La Chuspa's fight for survival in the times of COVID-19

02-11-2020

La Chuspa-Mide is a Peruvian SACCO formed by rural families from the southern highlands, near the city of Cusco, 80% of its members are women.
Pandemic reality is harshly affecting SACCOs: strict lockdown, high prevalence of Covid19, contraction of 30% in the GDP during the second quarter of 2020 and new regulatory measures for financial institutions. 
La Chuspa faces a double risk, the reduction in the collection of the debts from partners who now see a contraction in their incomes as well as the reduction on funds placement. 

On March 15, the Peruvian government declared a state of emergency and imposed a mandatory quarantine in the country to face the inminent thread of COVID-19. All productive and commercial activities were paralyzed, meetings and assemblies were forbidden, public transportation was restricted and private transportation prohibited, there was a even a curefew in place. After several lockdown extensions, which was still in place until September 31st, the government announced a plan to gradually reopen the country and established new safety and security requirements for productive and financial businesses.

Savings and Credit Cooperative Organisations (SACCOs) have been one of the sectors with the highest liabilities due to movement restriction measures and economic deceleration. La Chuspa-Mide is a Peruvian SACCO not immune to these problems, its partners belong to rural families from the southern highlands near Cusco city and 80% are women. Main economic activities among members and its families inlcude: production and trade of artisanal handicrafts for tourists, construction day labour and transportation of agricultural and livestock products to different local fairs and the city of Cusco. The paralysis of tourism and construction, as well as the prohibition of transportation between provinces strongly deteriorated members income. 

Additionally to economic depression in the area, due to fear of contagion, some rural communities did not allow the entrance of dwellers from neighbouring localities. Communities would only receive returning relatives from Lima and other Peruvian regions, some returned unknowingly carrying the coronavirus and spreading it. This increased even more the sense of menance posed by aliens to communities. For La Chuspa workers it was almost impossible to move from one community to the other renegotiating debts, asking for installements or placing new credits.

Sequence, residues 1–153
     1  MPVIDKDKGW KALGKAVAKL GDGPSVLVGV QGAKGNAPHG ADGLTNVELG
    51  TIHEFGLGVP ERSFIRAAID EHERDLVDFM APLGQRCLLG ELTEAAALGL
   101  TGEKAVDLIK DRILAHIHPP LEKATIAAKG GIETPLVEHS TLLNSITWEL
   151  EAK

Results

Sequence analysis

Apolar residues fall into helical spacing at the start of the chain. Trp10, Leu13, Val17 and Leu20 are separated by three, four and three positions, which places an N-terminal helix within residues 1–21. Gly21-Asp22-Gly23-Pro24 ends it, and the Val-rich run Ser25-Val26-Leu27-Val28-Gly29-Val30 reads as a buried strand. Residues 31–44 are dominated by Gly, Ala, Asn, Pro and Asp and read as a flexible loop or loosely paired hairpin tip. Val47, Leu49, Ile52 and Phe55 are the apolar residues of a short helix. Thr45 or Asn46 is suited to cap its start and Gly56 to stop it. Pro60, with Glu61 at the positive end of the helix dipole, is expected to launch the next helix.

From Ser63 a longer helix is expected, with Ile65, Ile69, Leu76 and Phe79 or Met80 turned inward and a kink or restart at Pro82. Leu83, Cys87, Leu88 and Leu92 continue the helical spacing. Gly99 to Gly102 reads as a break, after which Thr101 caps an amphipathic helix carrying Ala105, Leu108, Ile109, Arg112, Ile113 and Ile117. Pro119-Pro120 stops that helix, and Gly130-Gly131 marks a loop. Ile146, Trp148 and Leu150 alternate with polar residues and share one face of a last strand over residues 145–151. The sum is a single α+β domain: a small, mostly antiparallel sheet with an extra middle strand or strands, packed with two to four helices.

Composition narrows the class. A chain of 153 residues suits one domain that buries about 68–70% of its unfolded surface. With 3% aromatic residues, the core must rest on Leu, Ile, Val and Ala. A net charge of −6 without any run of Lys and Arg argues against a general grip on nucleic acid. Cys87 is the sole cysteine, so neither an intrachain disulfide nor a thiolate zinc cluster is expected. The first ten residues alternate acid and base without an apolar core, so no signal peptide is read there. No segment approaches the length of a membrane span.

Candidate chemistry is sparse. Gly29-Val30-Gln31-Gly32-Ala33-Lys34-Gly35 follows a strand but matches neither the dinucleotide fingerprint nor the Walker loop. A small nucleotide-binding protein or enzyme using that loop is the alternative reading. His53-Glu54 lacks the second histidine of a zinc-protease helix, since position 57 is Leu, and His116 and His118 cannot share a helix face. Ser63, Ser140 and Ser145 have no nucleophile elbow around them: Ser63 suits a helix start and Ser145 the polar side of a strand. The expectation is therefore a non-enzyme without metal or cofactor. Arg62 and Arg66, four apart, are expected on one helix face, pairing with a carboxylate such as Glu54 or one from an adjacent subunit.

From mid March until the end of April, the cooperative had to close all offices. On May they began assisting their members little by little and were fully operational in August. In this context, the organisation saw its income reduced both from placements and from loan recovery. The government agency in charge of regulating and supervising financial institutions, Superintendencia de Banca y Seguros (SBS), issued new regulatory measures to protect individual citizens in debt, enforcing a 6 month period of interest free instalments. La Chuspa is following this emergency procedure, which in turn impacts even more on its income.

To cope with this new financial frailty originated by Covid-19, La Chuspa, with the support of Agriterra and an expert Agripool assigned to the task, designed a contingency plan to allow for the continuity of the organisation's operations. The goal is to reduce their expenses in 49% by the end of the year. They have already cut expenses in 31% by lowering its payroll, hopefully just for a few months, and reducing other operating expenses such as travels.

Furthermore, Agriterra is advising La Chuspa on various topics through specific missions in charge of experts: health protocols to minimize Covid-19 contagion among staff and members, scenario planning to attract new loans from financiers, timely payment plan to creditors to built trust and credibility and a staff training plan. The latter covers topics such as risk assessment, quality management and processes in the middle of Covid-19 pandemic, loan collections in pandemic periods, forms of work, organisational and salary structure, and from manager to coach leader: the role of senior management in the Covid-19 crisis.
 
The Peruvian government, throught it agency SBS, imposed additional procedures and management of indicators for financial institutions, increasing pressure on SACCOs reporting systems. In line with the advisory mission to comply with all new regulatory procedures, we have supported them by investing in basic technology: new server to keep information safe, development of software to produce monthly financial reports accordingly to SBS requirements and zoom licenses so the staff can hold meetings online without being limited by the free 30 minutes offered by zoom. All these services have been accompanied by the permanent advice of an Agripool expert and Agriterra’s business advisor to measure the cooperative’s finantial evolution and present situation, as well as to support decision making of management and directors.

Currently, they are negotiating a loan with Rabobank. Staff is committed to learning and following training activities. The organisation complies with all SBS information and requirements and fund recovery is slowly taking place.

Although it will be necessary to do a final evaluation and it is expected that the financial results at the end of the year will not be entirely encouraging, we are sure that the best decisions have been made in a timely manner to try to mitigate the impact of the pandemic on this organisation. The challenge is still big and it will surely take more time and efforts to recover to the pre-Covid19 level but at least we are sure that the foundations are being laid for this to happen.

 


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